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The Next Generation Of Smart Ski Goggles Have Arrived

The world’s best slopes create awe-inspiring alpine scenery, attracting thousands of tourists and millions of dollars for their local economies.

But to see it, and the conditions below your feet – consumers need goggles that enable the highest-quality optics and resolutions.

And skiers and snowboarders are willing to pay for the best, according to general manager at Jackson Hole Sports in Wyoming, Larry Hartenstein.

Hartenstein, also a ski obsessive, says as lens technologies advance, ‘goggle companies are all chasing the same thing: increased definition and matching the curvature of our eyes,’ according to the Wall Street Journal.

The latest generation of ski goggles is a race to see which company invests in technology that enables every inch of beautiful imagery to be seen in high definition.

The most serious of skiers and snowboarders always carry two pairs of lenses – one for combating the potentially eye-damaging glare of bluebird days, and another yellow lens for highlighting bumps and drops in terrain when it’s overcast and powdery.

Oakley’s Prizm Persimmon Lens, in an orange tint, works well in both conditions.

In creating the product, the globally leading lens brand developed a lens that allows just 37 per cent of natural light in – enough to highlight the terrain ahead for an owner in low light conditions but also still protecting the eyes when the sun comes in shining.

The utilitarian colour works well ‘no matter what’s going on out there,’ Hartenstein, who has skied at over 180 global resorts, told the publication.

The Oakley Prizm Persimmon Lens retails for US $160 and can be purchased from their official website.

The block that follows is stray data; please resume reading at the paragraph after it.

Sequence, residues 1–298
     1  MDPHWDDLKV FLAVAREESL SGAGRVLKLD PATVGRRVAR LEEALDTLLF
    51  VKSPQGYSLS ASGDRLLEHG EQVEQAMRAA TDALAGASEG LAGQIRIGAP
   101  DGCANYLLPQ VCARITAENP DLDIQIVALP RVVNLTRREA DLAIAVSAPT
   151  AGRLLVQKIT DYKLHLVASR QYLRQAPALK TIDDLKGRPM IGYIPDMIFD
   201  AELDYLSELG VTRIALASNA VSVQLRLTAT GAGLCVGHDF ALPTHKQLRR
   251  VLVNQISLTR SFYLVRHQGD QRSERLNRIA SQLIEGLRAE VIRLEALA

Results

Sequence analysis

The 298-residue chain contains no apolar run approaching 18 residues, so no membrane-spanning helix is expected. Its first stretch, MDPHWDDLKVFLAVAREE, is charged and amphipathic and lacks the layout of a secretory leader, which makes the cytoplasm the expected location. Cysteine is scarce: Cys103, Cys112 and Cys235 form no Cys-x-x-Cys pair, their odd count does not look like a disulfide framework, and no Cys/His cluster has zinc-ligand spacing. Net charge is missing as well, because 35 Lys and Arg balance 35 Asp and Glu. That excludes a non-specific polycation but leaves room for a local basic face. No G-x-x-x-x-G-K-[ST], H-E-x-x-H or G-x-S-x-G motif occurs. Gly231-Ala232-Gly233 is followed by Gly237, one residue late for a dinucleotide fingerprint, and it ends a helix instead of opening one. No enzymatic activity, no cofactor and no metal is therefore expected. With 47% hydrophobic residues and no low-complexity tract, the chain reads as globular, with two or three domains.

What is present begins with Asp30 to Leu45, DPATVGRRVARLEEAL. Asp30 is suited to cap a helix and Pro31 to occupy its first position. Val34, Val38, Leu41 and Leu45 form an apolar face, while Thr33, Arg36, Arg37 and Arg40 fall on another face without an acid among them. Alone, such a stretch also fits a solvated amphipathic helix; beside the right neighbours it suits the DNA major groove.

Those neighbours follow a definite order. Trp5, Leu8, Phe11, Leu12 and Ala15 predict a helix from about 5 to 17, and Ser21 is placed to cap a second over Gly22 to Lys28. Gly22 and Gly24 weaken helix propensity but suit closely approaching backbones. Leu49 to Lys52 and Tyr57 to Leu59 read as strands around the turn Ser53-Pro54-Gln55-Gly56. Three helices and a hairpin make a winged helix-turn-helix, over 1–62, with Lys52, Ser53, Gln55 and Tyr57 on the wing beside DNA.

Smith Optics, also a reliable goggle and lens maker, extended the below-the-eyes curves of its latest 4D MAG goggles lens shape to expand users’ vertical field by up to 25 per cent – a significant development in the field.

The advancement could see less injuries resulting from short-sightedness and reduce owners bending their neck just to see their skis or snowboard beneath them.

According to Hartenstein, the deepened perspective helps owners carve down the mountain seamlessly and more efficiently.

But a warning – the slight fishbowl effect distorts the users’ vision when eyes glance toward the edges of the lens. Owners will undoubtedly adjust to the slight distortion but are urged to try to keep their gaze forward the first time they take on high-altitude summits.

But on the up side, the elimination of your – perhaps – bulky figure in your periphery, Smith’s creative design helps to focus on the line ahead.

The Smith Optics 4D MAG Goggles retail for US $280 and can be purchased on their official website.

Zeal Optics has also jumped on the innovation side of lens development, with releasing the Zeal Optics Beacon Goggles, inspired by a bird’s-eye view of peaks.

(Photo: Zeal Optics)

Featuring what the company calls ‘Observation Deck Technology,’ the frame is positioned further away from the user’s forehead but presses tighter against cheeks to pitch the lens forward on a 10-degrree angle.

The slight change in lens positioning significantly expands the user’s peripheral vision while also reducing the number of distracting reflections that can bounce back at the rider.

‘By reducing the glare off of the snow, you’re going to increase the amount of definition you can see,’ Hartenstein said.

The Zeal Optics Beacon Goggles sell for US $129 and can be purchased on its official website from September 2020.

If only these impressive goggle companies could create an innovation to counter the notorious goggle-tan.

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